SHOOTING IN SUNLIGHT
Sunlight is the light source that most people start with when first picking up a camera. It's bright, it gives you fast shutter speeds and you get sharp pictures holding the camera. Lots of light gives you lots of choices.
Landscapes look best taken early in the morning, or late in the afternoon. The sunlight travels through more atmosphere when the sun is low on the horizon, you get warm tones and dramatic shadows. Wide-angle lenses are popular with landscape photographers, but make sure you have some strong foreground interest in your shot, and maybe some leading lines to take your eye to the focal point.
Many years ago beginners were encouraged to shoot landscapes with the sun behind them, it was easier for those meters to produce a decent exposure, and it avoided lens flare. But these days our cameras' evaluative or matrix meters are very reliable, and lens flare in a shot is often sought after. Choose side lighting when using polariser filters to saturate colours and strengthen skies. So get creative and shoot with the light coming from every angle. You'll get to know what works best for you.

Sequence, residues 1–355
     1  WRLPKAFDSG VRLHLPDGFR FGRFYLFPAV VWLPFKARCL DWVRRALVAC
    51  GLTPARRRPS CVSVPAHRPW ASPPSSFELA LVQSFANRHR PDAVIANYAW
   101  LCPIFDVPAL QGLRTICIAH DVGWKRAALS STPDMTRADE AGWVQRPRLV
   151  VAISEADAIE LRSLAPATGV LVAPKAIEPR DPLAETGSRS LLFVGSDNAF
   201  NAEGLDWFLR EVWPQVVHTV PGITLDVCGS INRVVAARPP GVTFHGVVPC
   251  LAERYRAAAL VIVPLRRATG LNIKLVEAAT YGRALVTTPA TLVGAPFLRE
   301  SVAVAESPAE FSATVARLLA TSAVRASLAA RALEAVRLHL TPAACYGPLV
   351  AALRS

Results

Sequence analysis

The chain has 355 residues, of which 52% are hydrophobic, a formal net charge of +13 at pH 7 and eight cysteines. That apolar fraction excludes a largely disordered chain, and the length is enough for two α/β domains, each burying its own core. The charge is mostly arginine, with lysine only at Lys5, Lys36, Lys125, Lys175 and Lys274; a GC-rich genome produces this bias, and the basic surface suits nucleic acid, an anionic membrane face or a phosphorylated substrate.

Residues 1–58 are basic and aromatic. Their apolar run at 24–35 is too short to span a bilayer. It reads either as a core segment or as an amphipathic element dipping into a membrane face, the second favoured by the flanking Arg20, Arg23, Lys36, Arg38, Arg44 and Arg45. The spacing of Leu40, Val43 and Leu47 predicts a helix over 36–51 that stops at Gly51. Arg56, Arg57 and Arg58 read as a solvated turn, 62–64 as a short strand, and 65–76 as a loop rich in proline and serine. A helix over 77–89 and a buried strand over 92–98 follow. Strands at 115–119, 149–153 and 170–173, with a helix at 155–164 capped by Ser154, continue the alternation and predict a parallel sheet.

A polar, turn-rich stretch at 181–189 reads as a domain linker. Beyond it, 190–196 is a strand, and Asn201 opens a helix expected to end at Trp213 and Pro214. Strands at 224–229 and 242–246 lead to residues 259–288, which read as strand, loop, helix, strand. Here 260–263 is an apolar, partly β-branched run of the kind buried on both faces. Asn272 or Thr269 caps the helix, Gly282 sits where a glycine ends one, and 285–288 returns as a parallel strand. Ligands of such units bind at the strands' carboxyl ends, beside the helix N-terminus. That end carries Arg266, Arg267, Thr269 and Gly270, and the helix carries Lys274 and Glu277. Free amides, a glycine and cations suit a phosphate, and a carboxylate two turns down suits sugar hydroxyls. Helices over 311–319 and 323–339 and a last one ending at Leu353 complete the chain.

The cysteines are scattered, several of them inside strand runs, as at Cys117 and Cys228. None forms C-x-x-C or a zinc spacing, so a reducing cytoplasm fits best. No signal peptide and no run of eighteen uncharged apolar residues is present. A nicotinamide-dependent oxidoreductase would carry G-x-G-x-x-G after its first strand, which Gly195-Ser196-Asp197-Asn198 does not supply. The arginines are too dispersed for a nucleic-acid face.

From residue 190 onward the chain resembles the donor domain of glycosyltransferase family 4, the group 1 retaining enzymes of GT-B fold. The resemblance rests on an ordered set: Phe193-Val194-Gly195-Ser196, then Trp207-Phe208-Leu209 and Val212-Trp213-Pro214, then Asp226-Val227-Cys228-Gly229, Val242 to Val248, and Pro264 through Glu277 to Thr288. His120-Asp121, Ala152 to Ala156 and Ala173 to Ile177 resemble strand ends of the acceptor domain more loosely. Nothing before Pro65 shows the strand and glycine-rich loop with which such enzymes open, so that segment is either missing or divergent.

Taking portraits in sunlight can be tricky. With the sun directly in your subject's face she'll squint. Strong overhead sunlight casts shadows on faces. You'll end up with dark eye sockets; avoid these in standard portraits, but perhaps keep them in gothic or steam punk images?
It's better to photograph your subject in sunlight with the light falling over her shoulder, or side lighting. The image will be attractive and with luck you'll capture some of her personality.
Side lighting has the effect of lighting the face unevenly which looks good. A range of light and shadow on skin and clothing seems to work well. Try turning her head slightly towards the sun until you find the best angle for her.
Portraits taken with the sun behind the subject have their own problems. The bright background dominates the exposure and your subject will be too dark, sometimes just a silhouette. If you expose with a spot meter reading of your model the sky may be burnt out, which means you can't recover it afterwards on your computer. Instead try using fill-in flash to light the model (see below). You can also use a white reflecting surface to throw light on the face, even a newspaper on the model's lap can help.
Srinaveen Maamidi, My Ride.
Chinmoy Biswas, Snake Charmer.
FILL IN FLASH
Typically flash is used to brighten the whole image. It can also be used to lighten just your subject when she is standing in front of a bright background.